Alpine Grades

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In the UK we have a very different grading system to the Alps, so many people are very unsure what grade of routes that they could safely attempt in the Alps. This article attempt to unravel some of the shroud of mystery from the grading systems, and also to explain what the various notations in Alpine guidebooks mean. Please do not attempt to use any of the grade tables to do direct translations between the UK and the Alps, because it doesn't work. For example, if you can climb a section of vertical ice in the UK, the table indicates that you are climbing an Alpine ED grade, when in fact you might only be capable of an Alpine PD grade. Use this table with care. Ultimately there is no substitute for going to the Alps, and to start climbing routes to build up your experience. Just remember that there is no rush, and that the routes will still be there when you have built up enough experience to tackle them safely.

Alpine Grades are selected from many factors, including the technical difficulty, commitment, protection, and condition. Needless to say, each of these factors are influenced by many more subsections, as shown below;

Technical Difficulty; the technical grade of the crux pitch, or the climb as a whole. The technical difficulties always have by far the greatest influence on the grade a climb is given.

Commitment / Seriousness; the length of the route, the exposure you have to objective dangers (avalanche, rockfall, etc), the quality of the ice or rock, and the degree of remoteness of the route (especially with regards to potential retreat or rescue). On long or multi day climbs the possibility of benightment or getting caught in a storm or running out of food can also influence the grade.

Protection; this only really affects the grade when the climb is hard to protect, such as having lots of loose rock. Equally on some popular climbs all the belays are equiped, which makes it easy to retreat if necessary. If there is generally good protection, but say one spare section, this will usually be noted in the guidebook.

Conditions; the effects of altitude or prevailing bad conditions for a route generally give it a slightly easier grading than in perfect conditions at sea level.

It is normal practice for the first person who ascends a route, to declare a grade for it, and for second ascensionists to confirm (or adjust) the grade. All routes change over time, and whilst this is evident over a few hours on an ice climb, it is equally true for a rock climb where holds break and get polished. Therefore treat all grades with a big pinch of salt, as they are massively subjective, but do not ignore them altogether. I would be bancrupt if I had given a penny to everyone I had heard saying "the guidebook said it was a grade III, but in these conditons it was at least a V+", but it is not often you hear the quote the other way around, effectively downgrading a route. To me this is a classic example of an obsession with grades, that many climbers have. Grades are useful as advice, and for training, but to not become too focused on them or you will loose track of why you enjoy climbing. The best advice I ever got was "there are two grades; possible, and not-possible".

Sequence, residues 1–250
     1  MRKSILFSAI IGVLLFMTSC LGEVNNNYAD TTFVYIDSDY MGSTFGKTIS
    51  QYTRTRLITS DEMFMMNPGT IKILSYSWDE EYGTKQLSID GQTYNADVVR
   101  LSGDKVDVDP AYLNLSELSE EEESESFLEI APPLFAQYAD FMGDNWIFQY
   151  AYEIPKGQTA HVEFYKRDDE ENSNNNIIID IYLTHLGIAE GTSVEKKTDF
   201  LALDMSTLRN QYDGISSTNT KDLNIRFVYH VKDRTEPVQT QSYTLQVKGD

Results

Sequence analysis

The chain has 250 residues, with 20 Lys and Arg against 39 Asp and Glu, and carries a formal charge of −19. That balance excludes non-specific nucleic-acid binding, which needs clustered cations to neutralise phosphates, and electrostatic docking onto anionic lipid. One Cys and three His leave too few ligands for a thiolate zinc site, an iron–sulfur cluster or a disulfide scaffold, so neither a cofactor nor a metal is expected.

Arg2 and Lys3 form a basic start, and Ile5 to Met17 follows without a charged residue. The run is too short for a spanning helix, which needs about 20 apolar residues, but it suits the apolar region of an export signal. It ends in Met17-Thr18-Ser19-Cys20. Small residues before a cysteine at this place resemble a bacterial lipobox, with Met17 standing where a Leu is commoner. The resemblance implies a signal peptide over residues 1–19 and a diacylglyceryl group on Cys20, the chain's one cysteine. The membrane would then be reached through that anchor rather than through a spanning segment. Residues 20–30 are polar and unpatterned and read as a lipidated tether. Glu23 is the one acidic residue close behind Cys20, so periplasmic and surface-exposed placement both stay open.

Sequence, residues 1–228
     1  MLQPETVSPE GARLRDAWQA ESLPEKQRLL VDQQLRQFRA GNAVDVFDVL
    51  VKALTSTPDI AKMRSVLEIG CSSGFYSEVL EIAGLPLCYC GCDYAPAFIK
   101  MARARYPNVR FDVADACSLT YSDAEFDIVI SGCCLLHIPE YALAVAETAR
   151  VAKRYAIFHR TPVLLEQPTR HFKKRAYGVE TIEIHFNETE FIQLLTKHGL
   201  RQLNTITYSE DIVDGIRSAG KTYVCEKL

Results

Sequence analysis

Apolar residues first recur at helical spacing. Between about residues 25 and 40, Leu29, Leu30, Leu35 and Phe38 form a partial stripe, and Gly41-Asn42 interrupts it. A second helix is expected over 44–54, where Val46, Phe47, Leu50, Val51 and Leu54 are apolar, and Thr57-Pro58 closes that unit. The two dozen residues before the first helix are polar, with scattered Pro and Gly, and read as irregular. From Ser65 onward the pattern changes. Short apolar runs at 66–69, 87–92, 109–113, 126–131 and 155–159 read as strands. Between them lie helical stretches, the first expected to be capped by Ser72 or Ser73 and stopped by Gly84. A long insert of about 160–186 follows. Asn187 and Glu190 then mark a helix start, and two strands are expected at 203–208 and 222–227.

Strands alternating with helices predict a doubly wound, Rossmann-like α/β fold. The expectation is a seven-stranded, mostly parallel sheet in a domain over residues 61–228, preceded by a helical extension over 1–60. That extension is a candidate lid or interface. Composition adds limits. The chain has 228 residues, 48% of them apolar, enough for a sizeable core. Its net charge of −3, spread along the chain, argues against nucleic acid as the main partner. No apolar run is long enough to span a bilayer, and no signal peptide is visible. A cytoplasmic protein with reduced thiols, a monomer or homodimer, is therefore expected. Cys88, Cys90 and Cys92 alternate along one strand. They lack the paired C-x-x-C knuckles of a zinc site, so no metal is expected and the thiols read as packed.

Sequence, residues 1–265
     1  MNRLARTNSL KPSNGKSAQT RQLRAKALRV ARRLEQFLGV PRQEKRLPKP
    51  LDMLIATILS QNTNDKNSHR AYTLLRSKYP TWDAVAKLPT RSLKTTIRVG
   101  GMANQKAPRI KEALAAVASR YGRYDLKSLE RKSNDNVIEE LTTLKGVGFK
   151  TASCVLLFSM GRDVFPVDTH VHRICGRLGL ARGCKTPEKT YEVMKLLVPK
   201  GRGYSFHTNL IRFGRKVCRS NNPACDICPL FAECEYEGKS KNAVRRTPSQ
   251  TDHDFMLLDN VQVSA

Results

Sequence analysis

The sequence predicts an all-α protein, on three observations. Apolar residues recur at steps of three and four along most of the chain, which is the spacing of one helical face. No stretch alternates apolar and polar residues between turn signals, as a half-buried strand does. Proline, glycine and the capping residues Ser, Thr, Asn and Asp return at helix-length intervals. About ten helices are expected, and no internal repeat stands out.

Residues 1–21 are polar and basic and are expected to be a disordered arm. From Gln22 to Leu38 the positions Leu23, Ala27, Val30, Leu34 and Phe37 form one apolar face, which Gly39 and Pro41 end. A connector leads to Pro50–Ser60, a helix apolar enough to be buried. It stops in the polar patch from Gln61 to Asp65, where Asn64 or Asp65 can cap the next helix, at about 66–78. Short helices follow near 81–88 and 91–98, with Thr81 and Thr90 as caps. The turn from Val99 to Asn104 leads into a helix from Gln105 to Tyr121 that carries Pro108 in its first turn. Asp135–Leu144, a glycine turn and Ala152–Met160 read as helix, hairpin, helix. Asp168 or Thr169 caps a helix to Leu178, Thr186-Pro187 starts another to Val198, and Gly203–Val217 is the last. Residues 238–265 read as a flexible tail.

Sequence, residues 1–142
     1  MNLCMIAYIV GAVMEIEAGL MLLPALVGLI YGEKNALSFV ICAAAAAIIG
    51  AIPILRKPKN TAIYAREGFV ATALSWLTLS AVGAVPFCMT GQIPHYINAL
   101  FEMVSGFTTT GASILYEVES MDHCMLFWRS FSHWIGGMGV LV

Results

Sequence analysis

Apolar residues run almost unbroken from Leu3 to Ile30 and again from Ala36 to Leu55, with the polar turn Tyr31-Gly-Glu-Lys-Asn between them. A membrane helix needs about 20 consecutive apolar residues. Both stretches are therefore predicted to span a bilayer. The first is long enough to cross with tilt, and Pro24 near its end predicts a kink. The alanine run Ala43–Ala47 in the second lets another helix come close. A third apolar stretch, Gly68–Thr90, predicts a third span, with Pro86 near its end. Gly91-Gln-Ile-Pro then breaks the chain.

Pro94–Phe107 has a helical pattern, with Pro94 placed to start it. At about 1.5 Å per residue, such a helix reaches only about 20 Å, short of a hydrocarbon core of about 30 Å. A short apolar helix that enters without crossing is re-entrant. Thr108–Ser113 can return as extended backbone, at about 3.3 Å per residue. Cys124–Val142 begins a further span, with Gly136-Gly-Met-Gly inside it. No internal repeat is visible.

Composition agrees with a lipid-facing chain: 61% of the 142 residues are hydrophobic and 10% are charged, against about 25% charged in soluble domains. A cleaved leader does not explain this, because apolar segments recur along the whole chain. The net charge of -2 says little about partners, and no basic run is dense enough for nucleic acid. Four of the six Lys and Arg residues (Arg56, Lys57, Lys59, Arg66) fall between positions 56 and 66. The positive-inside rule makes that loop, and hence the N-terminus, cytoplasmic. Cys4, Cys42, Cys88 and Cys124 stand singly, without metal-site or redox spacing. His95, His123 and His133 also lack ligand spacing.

Alpine Grades
Given that grading routes is such a subjective task, do not be surprised to see the same route in different guidebooks with a different grade. Below is a table of the grading system that you will encounter when reading Alpine guidebooks. The letters (PD, AD, etc) can be applied to any type of climb, whether rock, ice or snow. I have given some examples of popular routes (mainly in the Mont Blanc massif) in each category, and an outline of the inclination of snow / ice, and the rock grades. Both of these are explained in more detail below the table.

Snow / Ice
Facile (Easy)
Walk Up
Dômes de Miages traverse F/PD
Mont Blanc, Grands Mulets F/PD
Aiguille du Tour, East Face Normal Route F+/PD-
Grandes Montets East Face F+/PD-
Peu Difficile (Little Difficult)
Petite Aiguille Verte, Ordinary Route F+/PD- (one move III)
Mont Blanc, Goûter Ridge PD- (II,40°)
Mont Blanc du Tacul, Ordinary Route (NW Face) PD-
Mont Blanc, Three Mont Blanc -route PD+ (>45°)
Assez Difficile (Quite Difficult)
Aiguille du Midi, Arete des Cosmiques PD+/AD (IV/Aid)
Matterhorn, Hörnligrat AD- (III)
Dent du Géant, Normal Route (SW Face) AD (III;V)
Aiguille Verte, Whymper Couloir AD+ (55°)
Difficile (Difficult)
Mont Blanc, Brenva Spur D-
Tour Ronde, North Face D- (52°)
Mont Blanc du Tacul, Chere Couloir D-/D (75°, Scottish 4)
Aiguille du Midi, Frendo Spur D+ (V,55°)
Très Difficile (Very Difficult)
Aiguille du Plan, North Face Direct TD- (IV,60°)
Mont Maudit, Cretier Route TD- (IV+)
Aiguille Noire de Peuterey, South Ridge TD (V+,A0;VI)
Petit Dru, Bonatti Pillar TD+ (V+,A1)
Extrêment Difficile (Extremely Difficult)
VI+ - VIII-/aid
- 90°
Mont Blanc, Peuterey Integral TD+/ED1
Grandes Jorasses, Croz Spur TD+/ED1 (V+,60°)
Mont Blanc, Central Pillar of Frêney ED1 (VI,A1;VIII/VIII+)